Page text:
National Cancer Control Month
Cancer is the growth of malignant or abnormal cells in the body. If not removed or treated properly, cancer can be deadly and above all, it does not discriminate.
During National Cancer Control Month, there is much that can be done to bring attention to the millions of people who are struggling with cancer. You may not have cancer, have had it in the past, or may never get it, but the odds are that if it hasn't touched you personally, you know someone who has it, has died from it, or will contract it in the future.
Although the number of cancer related deaths have dropped in recent years, due to early detection and more advanced treatments, it is still one of the leading causes of death in the United States and around the world.
National Cancer Control Month is a reminder that there is still much to do in combating these deadly diseases. It is worth noting that not all cancers are the same and every part of the human body is susceptible to developing cancer.
It is also worth noting that all cancer patients respond to treatments differently. Human bodies may look similar in many respects, but they are all different in form and structure and they all react to diseases, medicines, the environment, and other stimuli differently.
The foods we eat, where we live, and the amounts of exercise we get are all linked to whether we get cancer or not. There are also harmful chemicals in the water we drink and in the air we breathe. Although we cannot live without sunlight, too much exposure to it can cause cancer.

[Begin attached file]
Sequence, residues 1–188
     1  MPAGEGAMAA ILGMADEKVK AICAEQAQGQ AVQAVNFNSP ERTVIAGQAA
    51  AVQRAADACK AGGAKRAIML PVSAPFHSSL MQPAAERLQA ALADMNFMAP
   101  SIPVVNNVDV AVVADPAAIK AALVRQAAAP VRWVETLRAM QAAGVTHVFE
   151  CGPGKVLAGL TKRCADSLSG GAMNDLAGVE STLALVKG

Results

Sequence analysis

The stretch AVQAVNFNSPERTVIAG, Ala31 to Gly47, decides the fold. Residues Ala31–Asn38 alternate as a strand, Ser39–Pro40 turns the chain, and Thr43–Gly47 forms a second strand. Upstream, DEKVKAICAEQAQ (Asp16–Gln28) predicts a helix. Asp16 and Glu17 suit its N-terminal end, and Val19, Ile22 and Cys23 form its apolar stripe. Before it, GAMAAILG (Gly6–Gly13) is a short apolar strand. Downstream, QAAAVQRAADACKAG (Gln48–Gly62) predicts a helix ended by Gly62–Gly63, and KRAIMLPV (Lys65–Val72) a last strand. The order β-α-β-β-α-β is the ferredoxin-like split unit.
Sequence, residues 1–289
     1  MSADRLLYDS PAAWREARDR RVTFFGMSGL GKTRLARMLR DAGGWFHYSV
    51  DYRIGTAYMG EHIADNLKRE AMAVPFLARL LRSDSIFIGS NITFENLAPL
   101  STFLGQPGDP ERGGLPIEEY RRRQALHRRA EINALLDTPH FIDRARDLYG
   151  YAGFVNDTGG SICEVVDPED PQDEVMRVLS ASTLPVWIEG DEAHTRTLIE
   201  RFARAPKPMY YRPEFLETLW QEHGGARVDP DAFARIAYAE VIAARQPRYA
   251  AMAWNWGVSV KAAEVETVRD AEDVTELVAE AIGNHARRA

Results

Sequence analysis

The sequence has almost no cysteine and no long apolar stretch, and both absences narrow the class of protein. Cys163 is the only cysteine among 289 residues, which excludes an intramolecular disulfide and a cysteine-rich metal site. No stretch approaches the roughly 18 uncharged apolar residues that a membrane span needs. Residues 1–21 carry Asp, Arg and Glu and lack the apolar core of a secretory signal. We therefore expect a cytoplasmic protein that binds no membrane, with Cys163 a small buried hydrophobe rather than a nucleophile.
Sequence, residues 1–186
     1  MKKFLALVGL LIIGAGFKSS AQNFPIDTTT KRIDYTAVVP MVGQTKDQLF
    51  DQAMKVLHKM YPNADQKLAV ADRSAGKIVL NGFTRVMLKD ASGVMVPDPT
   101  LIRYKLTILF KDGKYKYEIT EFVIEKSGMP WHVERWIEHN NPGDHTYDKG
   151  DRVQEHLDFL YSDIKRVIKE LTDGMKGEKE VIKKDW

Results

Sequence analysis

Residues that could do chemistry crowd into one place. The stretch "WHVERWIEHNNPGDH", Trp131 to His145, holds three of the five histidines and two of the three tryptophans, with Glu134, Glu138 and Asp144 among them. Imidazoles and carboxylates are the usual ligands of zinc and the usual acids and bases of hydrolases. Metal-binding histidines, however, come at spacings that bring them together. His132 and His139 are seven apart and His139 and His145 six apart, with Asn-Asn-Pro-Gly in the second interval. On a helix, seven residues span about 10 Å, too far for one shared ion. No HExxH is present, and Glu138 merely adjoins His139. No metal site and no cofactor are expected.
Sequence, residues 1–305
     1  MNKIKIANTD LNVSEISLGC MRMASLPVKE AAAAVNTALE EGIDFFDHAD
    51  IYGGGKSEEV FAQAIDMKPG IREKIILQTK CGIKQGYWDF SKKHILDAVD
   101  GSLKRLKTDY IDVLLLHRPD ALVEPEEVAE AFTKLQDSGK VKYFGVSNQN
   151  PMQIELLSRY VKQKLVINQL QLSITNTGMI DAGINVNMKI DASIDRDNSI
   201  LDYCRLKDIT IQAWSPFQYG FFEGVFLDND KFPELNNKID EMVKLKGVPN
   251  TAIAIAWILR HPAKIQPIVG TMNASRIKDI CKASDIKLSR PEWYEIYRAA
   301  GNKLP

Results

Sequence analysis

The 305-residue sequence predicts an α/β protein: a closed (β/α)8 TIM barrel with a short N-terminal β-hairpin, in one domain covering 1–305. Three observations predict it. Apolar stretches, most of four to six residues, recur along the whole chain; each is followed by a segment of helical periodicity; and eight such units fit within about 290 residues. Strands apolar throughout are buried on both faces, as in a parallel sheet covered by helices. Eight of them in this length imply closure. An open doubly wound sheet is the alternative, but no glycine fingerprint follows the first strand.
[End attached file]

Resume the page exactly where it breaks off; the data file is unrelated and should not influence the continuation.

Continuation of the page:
Smoking, drinking excessive amounts of alcoholic beverages, and taking certain drugs, both prescribed and illegal have all been linked to cancer and other diseases.
This points to the need for continued research, better education, and the development of ways to prevent the disease from occurring in the first place.
Some people have hereditary traits that are passed down from generation to generation that puts them at a greater risk of getting cancer. Even so, there are precautions that they can take to minimize the risks and detect it early enough to treat it effectively.
The goal is to keep the general population focused on ways to prevent cancer and to let everyone know why early detection is a real key to increasing the odds of survival. Although you can't live your life worrying about cancer, you should always be conscious of the fact that it can strike slowly or quickly, spread silently without fanfare, and it does not discriminate.
Over a million new cases of cancer are diagnosed each year. It is estimated that 1 in 2 males and 1 in 3 females will get cancer in their lifetime in the United States alone and over 500,000 Americans die each year from one form of cancer or another.
As years pass, technology is having a growing impact on the way medicines are developed and produced and operating procedures in hospitals are being refined to treat cancer more effectively.
Routine cancer screening is one of the most effective ways to find cancer cells. Once cancer cells have been detected, the real fight begins. A rigorous treatment regimen should be initiated immediately and the patient should follow the advice of his or her doctors.
National Cancer Control Month promotes lifestyle changes that may help prevent cancer, development of better screening methods, research into new drugs and treatments, and education.
Information about cancer and cancer research:
The American Cancer Society
National Cancer Institute
Cancer Research Institute
American Institute for Cancer Research
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